Baker says no to homophobic cake!
A baker in Denver USA faces civil rights complaint for refusing to put anti-gay message on Bible-shaped cake. A dispute over a cake in Colorado raises a new question about gay rights and religious freedom.
If bakers can be fined for refusing to serve married gay couples, can they also be punished for declining to make a cake with anti-gay statements? A dispute over a cake in Colorado raises a new question about gay rights and religious freedom: If bakers can be fined for refusing to serve married gay couples, can they also be punished for declining to make a cake with anti-gay statements?
A baker in suburban Denver who refused to make a cake for a same-sex wedding is fighting a legal order requiring him to serve gay couples even though he argued that would violate his religious beliefs.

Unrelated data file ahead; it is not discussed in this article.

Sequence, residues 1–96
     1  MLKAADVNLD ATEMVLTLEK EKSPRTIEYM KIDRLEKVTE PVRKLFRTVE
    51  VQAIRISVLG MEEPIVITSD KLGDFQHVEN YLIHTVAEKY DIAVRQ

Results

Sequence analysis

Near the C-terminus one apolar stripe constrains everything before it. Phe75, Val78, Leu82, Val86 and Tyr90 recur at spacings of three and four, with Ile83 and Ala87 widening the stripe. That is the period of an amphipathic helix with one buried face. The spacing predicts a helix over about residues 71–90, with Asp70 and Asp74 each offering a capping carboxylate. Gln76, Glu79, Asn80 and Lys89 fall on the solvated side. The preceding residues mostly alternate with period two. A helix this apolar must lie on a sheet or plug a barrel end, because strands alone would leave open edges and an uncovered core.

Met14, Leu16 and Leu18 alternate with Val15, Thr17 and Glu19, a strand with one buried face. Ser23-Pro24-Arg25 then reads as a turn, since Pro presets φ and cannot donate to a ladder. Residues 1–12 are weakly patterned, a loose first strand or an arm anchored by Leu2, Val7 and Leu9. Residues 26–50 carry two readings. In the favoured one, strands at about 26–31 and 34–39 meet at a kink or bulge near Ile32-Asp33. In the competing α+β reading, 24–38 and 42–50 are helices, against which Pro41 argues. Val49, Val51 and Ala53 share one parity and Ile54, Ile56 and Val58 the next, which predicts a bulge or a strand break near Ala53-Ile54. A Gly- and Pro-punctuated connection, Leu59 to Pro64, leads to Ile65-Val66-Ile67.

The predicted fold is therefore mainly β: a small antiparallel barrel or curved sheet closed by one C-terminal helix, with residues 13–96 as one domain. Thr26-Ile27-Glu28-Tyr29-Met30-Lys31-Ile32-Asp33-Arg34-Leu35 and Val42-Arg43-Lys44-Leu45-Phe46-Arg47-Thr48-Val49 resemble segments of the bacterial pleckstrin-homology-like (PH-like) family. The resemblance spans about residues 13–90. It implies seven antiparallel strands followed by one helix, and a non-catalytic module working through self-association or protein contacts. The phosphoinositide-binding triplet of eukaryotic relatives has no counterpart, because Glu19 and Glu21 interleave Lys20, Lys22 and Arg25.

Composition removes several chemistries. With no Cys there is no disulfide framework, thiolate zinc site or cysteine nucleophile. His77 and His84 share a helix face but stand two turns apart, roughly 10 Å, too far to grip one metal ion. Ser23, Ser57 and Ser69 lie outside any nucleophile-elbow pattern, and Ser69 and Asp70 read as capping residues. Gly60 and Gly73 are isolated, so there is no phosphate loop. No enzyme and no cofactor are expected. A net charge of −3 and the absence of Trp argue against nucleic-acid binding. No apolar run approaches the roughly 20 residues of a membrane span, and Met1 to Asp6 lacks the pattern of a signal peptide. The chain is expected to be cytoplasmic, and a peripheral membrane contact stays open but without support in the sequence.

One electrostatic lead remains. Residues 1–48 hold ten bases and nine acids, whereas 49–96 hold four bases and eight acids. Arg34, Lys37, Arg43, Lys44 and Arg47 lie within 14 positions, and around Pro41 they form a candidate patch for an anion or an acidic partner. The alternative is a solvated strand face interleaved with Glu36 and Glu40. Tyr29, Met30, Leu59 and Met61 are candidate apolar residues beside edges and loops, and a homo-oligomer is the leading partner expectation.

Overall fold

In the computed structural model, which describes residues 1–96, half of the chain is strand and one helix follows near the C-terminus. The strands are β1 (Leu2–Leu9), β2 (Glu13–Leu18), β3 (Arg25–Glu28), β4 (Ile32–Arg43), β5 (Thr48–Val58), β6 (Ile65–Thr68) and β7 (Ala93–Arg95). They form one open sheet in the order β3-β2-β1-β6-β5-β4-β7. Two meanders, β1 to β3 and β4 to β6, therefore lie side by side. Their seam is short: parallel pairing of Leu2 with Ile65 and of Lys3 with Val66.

But now a separate case puts a twist in the debate over discrimination in public businesses, and it underscores the tensions that can arise when religious freedom intersects with a growing acceptance of gay couples.
Marjorie Silva, owner of Denver's Azucar Bakery, is facing a complaint from a customer alleging she discriminated against his religious beliefs.
According to Silva, the man who visited last year wanted a Bible-shaped cake, which she agreed to make. Just as they were getting ready to complete the order, Silva said the man showed her a piece of paper with hateful words about gays that he wanted written on the cake. He also wanted the cake to have two men holding hands and an X on top of them, Silva said.
She said she would make the cake, but declined to write his suggested messages on the cake, telling him she would give him icing and a pastry bag so he could write the words himself. Silva said the customer didn't want that.
First published: mashable.com